How i-teams Get it Right When They Get it Wrong

How i-teams Get it Right When They Get it Wrong

Not everything worked out for i-teams the way they thought it would. Here’s how cities learned from their failures and repositioned themselves for long-term success

A lot has gone right for cities in Bloomberg Philanthropies’ Innovation Teams (i-teams) program. Teams have taken on big challenges in their communities and launched new initiatives that expand economic opportunities, improve living conditions, and help move residents from Point A to Point B. Throughout their first year we heard officials in city halls say things like, “The i-team has made more progress in the last four months than we had in the last four years,” or express how surprised they are that they’ve been able to move on politically difficult initiatives with broad support, and in a short period of time. Not everything went perfectly though.

Innovation is an endless cycle of failure, reflection, and iteration. This is especially true for i-teams, who work with partners in City Hall to develop solutions to large urban issues, and once those initiatives are deployed, shift their focus to a new set of challenges. Teams working to identify new priority areas have a unique opportunity to reflect on all of the things that went wrong in the previous cycle, and figure out how they can change their approach moving forward.

“The only real mistake is the one from which we learn nothing.” – Henry Ford

Failure is one of an innovator’s most valuable tools, and it is only a bad thing if it does not lead to new thinking on how to approach a challenge. In many ways, i-teams are simply looking to fail better than anyone else. Here are a few examples of how i-teams failed, and what they have learned from these experiences:

Stakeholder Management

Not surprisingly, many of the teams said that as they shift to new priorities, they will focus more intentionally on how they work with other stakeholders to achieve change. This is a critical skill i-teams have to develop due to the fact that they do not “own” their work in the traditional sense. Their job is to identify solutions and work with city officials to implement them and measure impact, and then move on to the next big challenge while others in city government take on the tough work of implementation.

Teams that faced challenges in this area determined that they needed to have greater and earlier interactions with owners – those in city agencies who are responsible for the day-to-day implementation and oversight of initiatives – and sponsors – department leaders accountable to the mayor for the successful implementation of initiatives – into the process.

“We underestimated the amount of hours we would spend building trusted relationships and helping sponsors and owners get beyond frustration and move toward potential innovations,” said the director of one team.

“[We needed to bring] potential owners and sponsors into the process well before the identification and prioritization of initiatives to both build buy-in and support and smooth the transition to routine delivery updates,” wrote another.

Maintaining consistent contact with stakeholders over the course of the work, and pulling in key decision makers like elected officials, into the process early in order to build more ownership and rapport.

Data (or the Lack Thereof)

Issues around data are also something i-teams learned they would need to address better in future priority areas.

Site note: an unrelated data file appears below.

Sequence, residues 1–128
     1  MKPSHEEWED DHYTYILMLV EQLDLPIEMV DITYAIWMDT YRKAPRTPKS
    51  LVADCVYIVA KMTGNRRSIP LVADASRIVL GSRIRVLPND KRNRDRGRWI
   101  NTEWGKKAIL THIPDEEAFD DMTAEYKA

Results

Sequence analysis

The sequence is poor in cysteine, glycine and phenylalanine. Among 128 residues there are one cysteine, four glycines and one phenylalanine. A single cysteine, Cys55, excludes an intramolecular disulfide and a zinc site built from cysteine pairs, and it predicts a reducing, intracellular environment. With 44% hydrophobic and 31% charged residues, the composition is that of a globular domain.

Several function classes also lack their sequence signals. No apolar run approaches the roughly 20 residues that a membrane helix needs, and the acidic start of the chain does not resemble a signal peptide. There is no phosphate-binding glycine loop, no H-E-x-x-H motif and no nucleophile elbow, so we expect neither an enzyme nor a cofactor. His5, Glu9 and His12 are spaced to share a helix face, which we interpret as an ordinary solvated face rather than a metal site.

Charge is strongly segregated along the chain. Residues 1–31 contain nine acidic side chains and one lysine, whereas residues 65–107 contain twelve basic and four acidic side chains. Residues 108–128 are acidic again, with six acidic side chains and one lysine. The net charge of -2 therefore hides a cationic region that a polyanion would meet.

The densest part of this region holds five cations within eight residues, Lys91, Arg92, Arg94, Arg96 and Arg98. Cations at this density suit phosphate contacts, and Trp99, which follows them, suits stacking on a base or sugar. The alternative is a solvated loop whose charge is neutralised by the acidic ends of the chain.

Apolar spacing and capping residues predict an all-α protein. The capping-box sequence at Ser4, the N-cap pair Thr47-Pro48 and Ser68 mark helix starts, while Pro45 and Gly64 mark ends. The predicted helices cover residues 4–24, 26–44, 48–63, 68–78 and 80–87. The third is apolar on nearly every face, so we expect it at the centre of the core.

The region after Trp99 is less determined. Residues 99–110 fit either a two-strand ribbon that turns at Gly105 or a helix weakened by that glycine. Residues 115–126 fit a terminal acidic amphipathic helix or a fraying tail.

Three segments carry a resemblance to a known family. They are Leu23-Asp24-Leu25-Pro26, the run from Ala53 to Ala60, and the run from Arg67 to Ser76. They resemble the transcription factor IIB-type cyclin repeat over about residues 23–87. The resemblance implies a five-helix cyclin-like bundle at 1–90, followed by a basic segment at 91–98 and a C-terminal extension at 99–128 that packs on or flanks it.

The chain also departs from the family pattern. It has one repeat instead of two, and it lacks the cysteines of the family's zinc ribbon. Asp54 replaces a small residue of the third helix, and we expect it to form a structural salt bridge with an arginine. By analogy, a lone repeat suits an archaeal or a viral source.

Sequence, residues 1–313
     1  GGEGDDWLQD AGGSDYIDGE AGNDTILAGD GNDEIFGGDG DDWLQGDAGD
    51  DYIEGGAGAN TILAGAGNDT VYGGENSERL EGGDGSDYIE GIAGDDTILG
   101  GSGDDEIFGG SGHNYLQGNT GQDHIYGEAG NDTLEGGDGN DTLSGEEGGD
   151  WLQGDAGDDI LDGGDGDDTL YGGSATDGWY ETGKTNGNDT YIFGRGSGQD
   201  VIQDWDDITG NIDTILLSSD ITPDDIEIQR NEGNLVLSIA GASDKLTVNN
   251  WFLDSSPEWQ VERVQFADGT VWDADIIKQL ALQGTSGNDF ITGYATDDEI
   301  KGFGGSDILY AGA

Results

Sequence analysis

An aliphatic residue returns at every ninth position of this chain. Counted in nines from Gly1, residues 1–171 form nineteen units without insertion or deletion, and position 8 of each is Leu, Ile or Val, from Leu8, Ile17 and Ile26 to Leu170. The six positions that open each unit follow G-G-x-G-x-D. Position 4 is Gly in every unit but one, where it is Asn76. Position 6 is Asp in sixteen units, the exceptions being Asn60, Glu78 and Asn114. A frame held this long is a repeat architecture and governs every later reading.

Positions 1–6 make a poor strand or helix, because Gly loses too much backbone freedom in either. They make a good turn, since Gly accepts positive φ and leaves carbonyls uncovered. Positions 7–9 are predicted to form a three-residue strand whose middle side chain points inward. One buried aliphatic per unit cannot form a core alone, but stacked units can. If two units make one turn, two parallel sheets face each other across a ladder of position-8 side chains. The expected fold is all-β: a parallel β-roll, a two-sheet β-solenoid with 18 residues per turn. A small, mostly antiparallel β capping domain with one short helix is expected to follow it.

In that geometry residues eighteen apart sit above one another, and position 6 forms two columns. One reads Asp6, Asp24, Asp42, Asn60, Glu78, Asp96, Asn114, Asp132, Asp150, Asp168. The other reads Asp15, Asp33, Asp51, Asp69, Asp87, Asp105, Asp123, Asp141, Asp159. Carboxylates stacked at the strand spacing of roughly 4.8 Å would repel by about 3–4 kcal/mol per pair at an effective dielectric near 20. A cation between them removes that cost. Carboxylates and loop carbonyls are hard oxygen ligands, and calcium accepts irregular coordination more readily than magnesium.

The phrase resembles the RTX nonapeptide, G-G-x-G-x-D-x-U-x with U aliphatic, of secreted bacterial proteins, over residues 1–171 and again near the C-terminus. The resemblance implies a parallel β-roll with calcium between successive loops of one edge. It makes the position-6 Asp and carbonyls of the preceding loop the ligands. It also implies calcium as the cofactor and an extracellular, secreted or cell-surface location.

“Making sense of all the data and information we have (and don’t have) was more challenging than we thought it would be. It became clear early on that in some cases, the City is not currently tracking data that is critical to identifying pain points and demonstrating progress, which has made it difficult and more time consuming to try and identify appropriate targets.

Another team found that there was no established baseline data for the challenge they were working on, a pitfall that they will take into account when identifying new issues to focus on. Another felt that they could have done a better job gathering quantitative data before engaging in some of their ideation strategies with partners.

Horizon Scanning

Several teams mentioned that in the future, they would work to find out more about how other cities have addressed the challenges they are working on. Teams are pushing themselves to be ambitious and bold, and do not want to spend time re-inventing the wheel or focusing on something that another city has already proven doesn’t work. They also want to be up to speed on the most cutting-edge aspects of the areas they are working on. As one team put it, “there is a lot to learn from other cities’ experiences and other best practices in the world.”

One team wrote that, “[We would do] more and earlier site visits with local, regional and or national partners. We were able to learn a great deal from even a short site visit and would have benefited from doing so earlier in the process.”

Another added that meeting with subject matter experts would “provide a great jump start.”

Innovation Teams are attending to some of the most firmly entrenched issues in cities today. The fact that these problems have persisted for as long as they have means that we are already failing by not taking drastically new and different actions. In short, i-teams are taking the types of steps that are the hardest for governments to take.

By reflecting on what has and had not worked as they take on heretofore unsolvable problems, i-teams are not only unlocking solutions that will benefit their residents and communities, but exploring how local governments can work differently to achieve success on a broad array of issues.


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